Across the line-up, there's lots of sophisticated equipment available - much of it optional. Like the Matrix LED headlights with their 16 individually activated LEDs. And the bespoke Sonos sound system upgrade package. We'd also want to look at the optional heat pump, which rapidly heats and cools the interior using the thermal losses from the electric components and the temperature of the outside air. It uses eco-friendly CO2 as a refrigerant, which flows through the circuit at high pressure. The heat pump can reduce losses in range caused by usage of the climate control system, especially in winter. Its strengths come to the fore on long drives.
Cost of Ownership
What about battery replenishment for the 76.6kWh (net) battery of the Q4 45 e-tron and Q4 55 e-tron quattro? Well those variants have been engineered for charging speeds of up to 11kW during AC charging; for DC charging, standard rear-driven models charge at 135kW, while quattro versions can charge at up to 175kW. With a rapid public charger, WLTP testing has confirmed that in only 10 minutes, the Q4 45 e-tron can recharge enough electricity to cover a distance of about 80 miles. Charging at 135kW in ideal conditions, the battery can achieve an 80% state of charge from a 5% starting point in 29 minutes. If you're using a conventional 7kW garage wallbox, a Q4 45 e-tron can charge 255 miles of range in eight and a quarter hours. For the first time, the Q4 e-tron model family also features post-conditioning. Here, the vehicle's thermal management system cools the battery, for example, if it exceeds a fixed temperature threshold after driving or charging.
Using the myAudi app, owners can activate charging remotely using a smartphone. The app also provides access to the comfort remote preconditioning system, which enables remote adjustment of the cabin temperature and seat heating functions to ensure that the cabin climate is always comfortable well before a journey begins.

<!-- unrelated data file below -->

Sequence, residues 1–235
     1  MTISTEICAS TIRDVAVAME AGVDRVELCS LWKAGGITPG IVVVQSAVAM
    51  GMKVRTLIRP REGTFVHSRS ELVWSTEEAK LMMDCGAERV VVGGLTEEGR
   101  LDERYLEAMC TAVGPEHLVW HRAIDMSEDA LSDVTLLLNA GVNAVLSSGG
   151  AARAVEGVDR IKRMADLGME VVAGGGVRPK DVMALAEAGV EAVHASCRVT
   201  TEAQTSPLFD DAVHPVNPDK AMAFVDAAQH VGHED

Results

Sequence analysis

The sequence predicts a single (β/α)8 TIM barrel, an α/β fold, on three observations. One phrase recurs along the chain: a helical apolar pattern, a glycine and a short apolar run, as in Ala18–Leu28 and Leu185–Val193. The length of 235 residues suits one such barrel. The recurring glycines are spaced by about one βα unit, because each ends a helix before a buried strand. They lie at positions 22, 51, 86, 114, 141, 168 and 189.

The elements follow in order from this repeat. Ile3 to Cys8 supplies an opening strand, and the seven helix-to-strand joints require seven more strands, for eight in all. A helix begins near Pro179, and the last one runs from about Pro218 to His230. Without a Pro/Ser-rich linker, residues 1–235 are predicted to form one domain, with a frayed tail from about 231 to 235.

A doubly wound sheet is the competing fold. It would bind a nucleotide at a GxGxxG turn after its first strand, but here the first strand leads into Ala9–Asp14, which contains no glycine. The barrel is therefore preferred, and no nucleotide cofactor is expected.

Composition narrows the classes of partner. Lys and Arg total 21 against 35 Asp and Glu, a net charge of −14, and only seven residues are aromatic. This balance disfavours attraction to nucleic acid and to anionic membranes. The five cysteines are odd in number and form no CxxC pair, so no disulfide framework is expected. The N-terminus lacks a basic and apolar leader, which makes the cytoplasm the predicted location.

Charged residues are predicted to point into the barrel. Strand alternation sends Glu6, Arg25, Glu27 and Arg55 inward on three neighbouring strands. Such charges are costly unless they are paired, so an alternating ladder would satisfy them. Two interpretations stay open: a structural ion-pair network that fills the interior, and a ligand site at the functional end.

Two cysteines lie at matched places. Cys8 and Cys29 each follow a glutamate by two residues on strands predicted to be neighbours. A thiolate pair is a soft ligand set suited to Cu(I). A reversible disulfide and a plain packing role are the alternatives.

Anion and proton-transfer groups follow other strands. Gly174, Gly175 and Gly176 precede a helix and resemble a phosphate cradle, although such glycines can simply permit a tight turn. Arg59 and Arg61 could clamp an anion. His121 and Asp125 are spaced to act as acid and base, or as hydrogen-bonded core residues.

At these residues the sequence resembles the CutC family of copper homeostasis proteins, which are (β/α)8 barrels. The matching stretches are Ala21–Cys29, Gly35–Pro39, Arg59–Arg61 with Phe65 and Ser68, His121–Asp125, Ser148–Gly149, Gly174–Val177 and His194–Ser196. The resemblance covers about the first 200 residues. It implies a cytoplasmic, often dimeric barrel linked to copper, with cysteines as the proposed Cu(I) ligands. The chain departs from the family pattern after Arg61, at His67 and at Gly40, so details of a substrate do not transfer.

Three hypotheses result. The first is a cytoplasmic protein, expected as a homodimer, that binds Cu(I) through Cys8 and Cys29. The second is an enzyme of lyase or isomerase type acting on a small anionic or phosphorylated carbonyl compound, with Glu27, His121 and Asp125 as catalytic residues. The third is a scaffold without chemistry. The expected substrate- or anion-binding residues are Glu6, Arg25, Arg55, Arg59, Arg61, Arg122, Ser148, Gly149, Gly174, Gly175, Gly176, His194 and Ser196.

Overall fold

Accessing and paying for electricity while on the road can be easily taken care of using the 'e-tron Charging Service', which provides UK subscribers with one RFID payment card that is accepted at a vast number of charge points operated by 18 suppliers across the UK and Europe, and offers a choice of two fixed price charging tariffs.
The Q4 e-tron has the size of a compact BEV, but the finish, luxury and (to some extent) the driving dynamics of an electric crossover from next class up - that for larger EV models like the Jaguar I-PACE and the Mercedes EQC. In that respect, it's far more like a BMW iX3 than a Volkswagen ID.4. And is a more credible rival for classier alternatives in this usefully updated form.
If you're looking at those Jaguar, Mercedes or BMW models, we think you should be looking at a Q4 e-tron too because it'll satisfy you in much the same way. If that's your perspective, the premium prices being asked here will seem reasonable. If it isn't, you'll start to question just why a car which shares pretty much every significant aspect of its engineering with comparable Volkswagen, Skoda and CUPRA EVs can be worth so much more. A matter of perspective then. With Audi, it was ever thus.